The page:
According to Ramesh Kashyap, Managing Director of the Alternative Income Group at Ninepoint Partners, the Ninepoint Canadian Senior Debt Fund exploits a gap that dates back to the 2007-2010 crisis, when many foreign institutions left the Canadian financial space. While Canada’s current economy is still greatly influenced by the financial sector, its lending space is not nearly as evolved as the U.S. where businesses can turn to various institutions and banks for the funding they need. Ramesh sees this as a significant opportunity to provide financing to the heavily underserved Canadian defense and security sector as well as a growing number of Canadian companies experiencing restructuring and turnarounds.
Ninepoint Partners has approximately $3 billion in assets under management. Its other private credit offerings include the Ninepoint Bridging Income Fund and the Ninepoint -TEC Private Credit Fund. Its common shares are listed on the Toronto Stock Exchange.
Waygar has a well-rounded and highly experienced and knowledgeable team led by Wayne Ehgoetz. Wayne is known as the, "Father of asset-based lending in Canada." His thirty plus years of professional experience includes five years at the helm of Stanchart Business Credit, the first asset-based lender in Canada as well as a number of other leadership roles at Wachovia (now Wells Fargo) and the Bank of Nova Scotia.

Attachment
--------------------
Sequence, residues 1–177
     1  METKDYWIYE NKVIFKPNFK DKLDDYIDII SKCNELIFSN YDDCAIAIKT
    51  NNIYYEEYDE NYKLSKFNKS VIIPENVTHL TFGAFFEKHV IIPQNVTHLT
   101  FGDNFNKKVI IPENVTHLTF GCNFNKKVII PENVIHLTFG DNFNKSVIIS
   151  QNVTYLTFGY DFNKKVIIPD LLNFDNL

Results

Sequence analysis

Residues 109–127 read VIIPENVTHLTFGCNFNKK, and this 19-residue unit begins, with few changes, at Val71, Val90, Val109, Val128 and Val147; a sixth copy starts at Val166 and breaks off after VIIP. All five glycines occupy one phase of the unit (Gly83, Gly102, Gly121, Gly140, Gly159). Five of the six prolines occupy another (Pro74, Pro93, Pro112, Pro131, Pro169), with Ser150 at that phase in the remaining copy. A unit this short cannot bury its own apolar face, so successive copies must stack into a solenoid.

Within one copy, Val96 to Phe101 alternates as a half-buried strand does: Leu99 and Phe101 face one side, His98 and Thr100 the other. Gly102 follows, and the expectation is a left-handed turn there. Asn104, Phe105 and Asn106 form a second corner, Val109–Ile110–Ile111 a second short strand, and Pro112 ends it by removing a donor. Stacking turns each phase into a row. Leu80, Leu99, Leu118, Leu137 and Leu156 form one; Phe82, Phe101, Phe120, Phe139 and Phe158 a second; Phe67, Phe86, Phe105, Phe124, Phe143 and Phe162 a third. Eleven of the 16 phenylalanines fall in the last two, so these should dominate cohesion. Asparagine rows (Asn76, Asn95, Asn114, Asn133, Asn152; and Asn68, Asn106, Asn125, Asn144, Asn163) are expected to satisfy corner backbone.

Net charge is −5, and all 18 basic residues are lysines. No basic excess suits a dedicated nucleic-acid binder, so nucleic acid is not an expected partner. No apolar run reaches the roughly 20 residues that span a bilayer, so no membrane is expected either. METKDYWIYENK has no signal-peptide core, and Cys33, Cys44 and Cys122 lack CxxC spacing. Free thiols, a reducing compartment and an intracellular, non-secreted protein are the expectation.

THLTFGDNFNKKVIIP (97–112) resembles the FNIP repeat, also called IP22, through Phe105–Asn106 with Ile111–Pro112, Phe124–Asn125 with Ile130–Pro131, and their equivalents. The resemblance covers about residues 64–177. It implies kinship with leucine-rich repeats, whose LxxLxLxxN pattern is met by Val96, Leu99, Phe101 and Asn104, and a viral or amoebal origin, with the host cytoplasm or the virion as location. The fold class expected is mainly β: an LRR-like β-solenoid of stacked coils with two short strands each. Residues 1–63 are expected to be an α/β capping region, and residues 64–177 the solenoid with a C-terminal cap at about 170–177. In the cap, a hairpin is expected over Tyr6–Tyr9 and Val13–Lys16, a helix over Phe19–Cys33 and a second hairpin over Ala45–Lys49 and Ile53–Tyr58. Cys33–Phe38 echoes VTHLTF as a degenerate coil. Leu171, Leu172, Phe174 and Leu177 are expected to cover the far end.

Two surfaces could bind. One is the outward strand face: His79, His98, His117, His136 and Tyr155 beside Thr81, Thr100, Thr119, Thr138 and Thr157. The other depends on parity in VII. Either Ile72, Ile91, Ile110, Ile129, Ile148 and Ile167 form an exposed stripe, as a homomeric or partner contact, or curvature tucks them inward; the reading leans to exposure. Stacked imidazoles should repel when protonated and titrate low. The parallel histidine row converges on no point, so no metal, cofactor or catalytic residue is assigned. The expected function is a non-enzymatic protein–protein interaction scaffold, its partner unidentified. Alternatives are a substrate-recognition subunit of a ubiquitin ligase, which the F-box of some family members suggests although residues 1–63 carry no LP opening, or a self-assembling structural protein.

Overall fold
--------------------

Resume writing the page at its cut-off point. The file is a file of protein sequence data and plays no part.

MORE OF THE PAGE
Wayne is just as passionate about his charitable work as he is about working with clients. He became interested in autism when his niece was diagnosed with the condition. Over the years, he learned that adults with autism are underserved. He wanted to direct his charitable dollars to redressing that imbalance and Unity For Autism caught his attention. Wayne was impressed with the fact that this volunteer based charity incurs total annual expenses of just 1%, and all monies raised are dispersed entirely to centres of excellence providing specific programs and support to those families waiting to tap into their child’s potential (www.unityforautism.ca).